@Configuration
@EnableWebSecurity
public class WebSecurityConfig extends WebSecurityConfigurerAdapter {
    @Override
    protected void configure(HttpSecurity http) throws Exception {
        http
            .authorizeRequests()
            .antMatchers("/", "/home").permitAll()
            .anyRequest().authenticated()
            .and()
            .formLogin()
            .loginPage("/login")
            .permitAll()
            .and()
            .logout()
            .permitAll();
    }


    @Override
    protected void configure(AuthenticationManagerBuilder auth) throws Exception {
        auth.inMemoryAuthentication()
            .withUser("ramesh").password("{noop}ramesh").roles("USER").and()
            .withUser("admin")
            .password("{noop}admin").credentialsExpired(true)
            .accountExpired(true).accountLocked(true)
            .authorities("WRITE_PRIVILEGES", "READ_PRIVILEGES")
            .roles("ADMIN");
    }
}
The WebSecurityConfig class is annotated with @EnableWebSecurity to enable Spring Security’s web security support and provide the Spring MVC integration. It also extends WebSecurityConfigurerAdapter and overrides a couple of its methods to set some specifics of the web security configuration.
The configure(HttpSecurity) method defines which URL paths should be secured and which should not. Specifically, the "/" and "/home" paths are configured to not require any authentication. All other paths must be authenticated.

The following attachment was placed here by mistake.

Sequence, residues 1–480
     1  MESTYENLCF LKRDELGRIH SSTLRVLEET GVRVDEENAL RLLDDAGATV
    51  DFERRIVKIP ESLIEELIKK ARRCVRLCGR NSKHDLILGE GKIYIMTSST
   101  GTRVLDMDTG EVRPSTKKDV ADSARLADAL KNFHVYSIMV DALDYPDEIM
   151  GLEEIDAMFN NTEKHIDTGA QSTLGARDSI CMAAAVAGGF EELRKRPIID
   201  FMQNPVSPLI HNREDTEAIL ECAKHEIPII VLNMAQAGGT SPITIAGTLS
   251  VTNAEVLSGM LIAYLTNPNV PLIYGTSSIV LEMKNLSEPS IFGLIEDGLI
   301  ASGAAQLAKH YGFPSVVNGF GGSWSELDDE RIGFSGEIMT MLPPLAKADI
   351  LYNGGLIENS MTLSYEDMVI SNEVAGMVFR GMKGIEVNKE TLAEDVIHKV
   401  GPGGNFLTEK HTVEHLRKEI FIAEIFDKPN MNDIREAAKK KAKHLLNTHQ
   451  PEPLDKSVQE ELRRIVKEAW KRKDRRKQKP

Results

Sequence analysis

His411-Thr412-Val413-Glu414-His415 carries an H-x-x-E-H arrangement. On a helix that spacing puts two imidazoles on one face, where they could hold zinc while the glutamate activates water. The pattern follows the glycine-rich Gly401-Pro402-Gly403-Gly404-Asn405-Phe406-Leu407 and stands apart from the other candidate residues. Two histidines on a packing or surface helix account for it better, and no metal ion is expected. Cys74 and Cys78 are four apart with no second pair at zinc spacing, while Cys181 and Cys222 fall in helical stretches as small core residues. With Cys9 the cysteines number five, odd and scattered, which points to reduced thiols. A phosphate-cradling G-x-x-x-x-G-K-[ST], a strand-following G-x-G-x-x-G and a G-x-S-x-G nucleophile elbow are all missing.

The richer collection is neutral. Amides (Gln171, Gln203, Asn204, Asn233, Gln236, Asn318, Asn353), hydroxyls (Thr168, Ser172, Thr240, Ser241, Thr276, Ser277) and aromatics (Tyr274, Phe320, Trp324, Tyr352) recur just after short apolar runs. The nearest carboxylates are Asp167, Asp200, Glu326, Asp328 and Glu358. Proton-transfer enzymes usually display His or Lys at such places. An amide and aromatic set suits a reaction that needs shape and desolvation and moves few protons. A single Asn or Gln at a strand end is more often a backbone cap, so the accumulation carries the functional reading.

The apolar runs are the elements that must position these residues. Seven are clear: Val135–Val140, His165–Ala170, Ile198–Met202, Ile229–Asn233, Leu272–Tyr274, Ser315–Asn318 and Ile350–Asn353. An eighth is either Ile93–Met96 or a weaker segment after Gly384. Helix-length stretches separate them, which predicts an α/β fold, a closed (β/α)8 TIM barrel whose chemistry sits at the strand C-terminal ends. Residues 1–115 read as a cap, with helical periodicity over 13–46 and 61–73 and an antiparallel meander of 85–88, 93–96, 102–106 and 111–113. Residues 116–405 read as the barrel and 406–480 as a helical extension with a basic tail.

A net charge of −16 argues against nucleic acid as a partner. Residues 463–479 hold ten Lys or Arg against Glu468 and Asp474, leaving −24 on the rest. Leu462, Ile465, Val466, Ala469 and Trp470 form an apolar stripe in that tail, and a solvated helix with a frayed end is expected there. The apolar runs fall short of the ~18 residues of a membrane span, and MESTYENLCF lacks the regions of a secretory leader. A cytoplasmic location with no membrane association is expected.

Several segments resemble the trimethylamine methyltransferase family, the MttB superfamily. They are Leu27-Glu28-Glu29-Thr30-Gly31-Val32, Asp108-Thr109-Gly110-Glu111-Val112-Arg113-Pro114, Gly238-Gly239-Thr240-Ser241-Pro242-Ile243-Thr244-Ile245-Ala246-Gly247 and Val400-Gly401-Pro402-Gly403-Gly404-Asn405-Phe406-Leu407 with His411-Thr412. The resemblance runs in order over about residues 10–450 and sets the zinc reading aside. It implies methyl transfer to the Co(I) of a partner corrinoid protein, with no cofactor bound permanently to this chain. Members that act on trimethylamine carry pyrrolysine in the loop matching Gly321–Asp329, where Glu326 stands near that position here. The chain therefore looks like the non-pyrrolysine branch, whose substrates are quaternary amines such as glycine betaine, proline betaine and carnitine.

src/main/resources/templates/login.html

Now we need to create the login page. There’s already a view controller for the "login" view, so we only need to create the login view itself:
<!DOCTYPE html>
<html xmlns="http://www.w3.org/1999/xhtml" xmlns:th="https://www.thymeleaf.org"
      xmlns:sec="https://www.thymeleaf.org/thymeleaf-extras-springsecurity3">
    <head>
        <title>Spring Security Example </title>
    </head>
    <body>
        <div th:if="${param.error}">
            Invalid username and password.
        </div>
        <div th:if="${param.logout}">
            You have been logged out.
        </div>
        <form th:action="@{/login}" method="post">
            <div><label> User Name : <input type="text" name="username"/> </label></div>
            <div><label> Password: <input type="password" name="password"/> </label></div>